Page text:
Refers to the presence of two or more chronic illnesses in a patient.

Prevalence estimates of at least 25% in the adult American population.

Prevalence estimates of multimorbidity increase with age.

55-98% of older adults have two or more diseases.


92 diseases have been identified as age-related, accounting for 51.3% of the entire global burden among adults.


Among older US patients, the prevalence of multimorbidity was 62% at age 65-74 years and 82% ages 85 years and older.

Patients with multimorbidity are at substantial risk for disability, death, and poor quality of life.

Leads to a poor quality of life, worse health outcomes, and higher healthcare use.

Associated with lower functional status and higher rates of hospital admissions.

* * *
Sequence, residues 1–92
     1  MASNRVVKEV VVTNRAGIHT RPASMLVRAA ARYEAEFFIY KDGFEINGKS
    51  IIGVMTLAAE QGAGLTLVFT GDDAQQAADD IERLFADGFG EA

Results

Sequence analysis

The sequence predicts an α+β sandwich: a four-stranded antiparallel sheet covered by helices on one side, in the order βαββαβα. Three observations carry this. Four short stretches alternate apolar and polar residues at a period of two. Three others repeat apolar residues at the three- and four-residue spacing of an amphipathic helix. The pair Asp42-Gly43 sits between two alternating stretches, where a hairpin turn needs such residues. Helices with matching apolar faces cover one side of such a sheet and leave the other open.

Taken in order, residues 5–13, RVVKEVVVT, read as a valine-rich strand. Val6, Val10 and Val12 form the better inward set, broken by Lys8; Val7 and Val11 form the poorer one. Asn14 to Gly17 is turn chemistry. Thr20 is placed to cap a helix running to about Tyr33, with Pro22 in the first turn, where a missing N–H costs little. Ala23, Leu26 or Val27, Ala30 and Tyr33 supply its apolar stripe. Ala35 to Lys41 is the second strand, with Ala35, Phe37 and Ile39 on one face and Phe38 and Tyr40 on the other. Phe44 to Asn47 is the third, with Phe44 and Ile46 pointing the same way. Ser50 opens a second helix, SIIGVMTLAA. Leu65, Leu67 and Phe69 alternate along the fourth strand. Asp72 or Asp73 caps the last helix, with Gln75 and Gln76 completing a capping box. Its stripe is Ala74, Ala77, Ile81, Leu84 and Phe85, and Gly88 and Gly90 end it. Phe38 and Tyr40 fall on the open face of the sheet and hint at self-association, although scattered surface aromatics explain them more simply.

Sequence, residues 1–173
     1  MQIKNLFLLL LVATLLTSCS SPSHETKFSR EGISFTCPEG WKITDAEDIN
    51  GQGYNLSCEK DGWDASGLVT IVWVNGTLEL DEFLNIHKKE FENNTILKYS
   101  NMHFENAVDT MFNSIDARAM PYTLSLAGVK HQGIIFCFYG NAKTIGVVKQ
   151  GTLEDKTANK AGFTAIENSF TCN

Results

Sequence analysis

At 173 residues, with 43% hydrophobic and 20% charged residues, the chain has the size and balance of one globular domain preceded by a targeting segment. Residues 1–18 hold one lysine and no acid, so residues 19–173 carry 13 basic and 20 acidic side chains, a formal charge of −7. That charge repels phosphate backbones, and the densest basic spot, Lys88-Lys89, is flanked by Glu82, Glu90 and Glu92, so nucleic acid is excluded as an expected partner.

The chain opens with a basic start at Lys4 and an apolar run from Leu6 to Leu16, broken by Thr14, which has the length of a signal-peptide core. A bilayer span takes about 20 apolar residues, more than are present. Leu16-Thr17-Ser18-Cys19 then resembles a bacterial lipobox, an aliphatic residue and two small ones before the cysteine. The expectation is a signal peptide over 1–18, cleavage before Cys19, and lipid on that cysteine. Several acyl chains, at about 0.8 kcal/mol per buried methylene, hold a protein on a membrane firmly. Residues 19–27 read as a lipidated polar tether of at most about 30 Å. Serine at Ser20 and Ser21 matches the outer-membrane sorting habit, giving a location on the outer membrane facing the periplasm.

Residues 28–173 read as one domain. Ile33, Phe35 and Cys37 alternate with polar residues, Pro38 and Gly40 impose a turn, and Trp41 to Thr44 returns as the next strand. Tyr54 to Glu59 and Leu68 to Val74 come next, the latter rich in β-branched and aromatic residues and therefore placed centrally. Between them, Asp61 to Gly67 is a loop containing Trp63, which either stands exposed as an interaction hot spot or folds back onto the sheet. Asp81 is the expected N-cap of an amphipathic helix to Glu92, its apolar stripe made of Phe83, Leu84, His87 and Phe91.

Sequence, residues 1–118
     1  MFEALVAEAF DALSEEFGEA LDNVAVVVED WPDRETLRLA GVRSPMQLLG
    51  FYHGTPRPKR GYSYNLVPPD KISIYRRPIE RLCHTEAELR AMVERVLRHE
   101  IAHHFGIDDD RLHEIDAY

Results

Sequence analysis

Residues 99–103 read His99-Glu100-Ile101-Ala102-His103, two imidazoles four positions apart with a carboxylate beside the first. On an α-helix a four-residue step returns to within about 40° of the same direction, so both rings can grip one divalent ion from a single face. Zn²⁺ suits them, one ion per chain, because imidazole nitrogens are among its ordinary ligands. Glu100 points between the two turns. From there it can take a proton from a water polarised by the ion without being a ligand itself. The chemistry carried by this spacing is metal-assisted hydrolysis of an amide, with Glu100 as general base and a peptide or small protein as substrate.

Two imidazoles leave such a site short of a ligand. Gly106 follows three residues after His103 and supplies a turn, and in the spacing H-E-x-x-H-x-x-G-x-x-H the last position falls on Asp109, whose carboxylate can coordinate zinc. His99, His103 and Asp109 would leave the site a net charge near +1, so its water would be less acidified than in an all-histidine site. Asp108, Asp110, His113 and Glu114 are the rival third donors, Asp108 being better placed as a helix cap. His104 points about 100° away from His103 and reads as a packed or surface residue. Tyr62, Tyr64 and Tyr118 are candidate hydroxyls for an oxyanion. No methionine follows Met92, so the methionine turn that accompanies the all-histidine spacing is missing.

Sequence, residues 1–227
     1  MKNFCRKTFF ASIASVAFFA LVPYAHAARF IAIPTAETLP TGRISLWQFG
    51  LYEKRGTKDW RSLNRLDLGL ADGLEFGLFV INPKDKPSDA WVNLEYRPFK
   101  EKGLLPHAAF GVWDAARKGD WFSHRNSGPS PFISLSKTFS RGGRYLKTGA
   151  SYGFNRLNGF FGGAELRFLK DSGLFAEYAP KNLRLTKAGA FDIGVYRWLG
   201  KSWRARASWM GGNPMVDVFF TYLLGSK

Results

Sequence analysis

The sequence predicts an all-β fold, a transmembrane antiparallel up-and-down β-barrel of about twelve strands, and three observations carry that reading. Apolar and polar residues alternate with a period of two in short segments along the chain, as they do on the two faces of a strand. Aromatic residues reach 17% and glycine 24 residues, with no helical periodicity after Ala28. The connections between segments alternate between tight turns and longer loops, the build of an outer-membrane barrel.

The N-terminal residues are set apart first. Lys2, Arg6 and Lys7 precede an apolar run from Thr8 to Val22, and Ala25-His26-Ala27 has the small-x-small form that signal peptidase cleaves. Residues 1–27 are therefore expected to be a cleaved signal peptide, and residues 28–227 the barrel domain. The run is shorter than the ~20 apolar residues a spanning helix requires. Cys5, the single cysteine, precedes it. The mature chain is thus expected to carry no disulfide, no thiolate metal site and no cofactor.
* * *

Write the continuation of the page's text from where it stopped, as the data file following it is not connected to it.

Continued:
Accounts for a disproportionate share of US healthcare expenditures.

Is different from the concept of comorbidity, which is defined by an index illness as the most important entity and studies of comorbidity generally focus on the cooccurrence of any additional disease entities and their effect on the treatment and prognosis of the index disease.

The concept of multi morbidity is more patient-entric with all morbidities regarded as of equal importance.

More emphasis is placed on function and well-being of patients as result of multimorbidities.

Associated with increased mortality.

Three major clusters: MI and and angina, diabetes with strong associations with heart failure, chronic kidney disease, liver failure, and stroke, and the third cluster, asthma, depression, and cancer were the epicenter.


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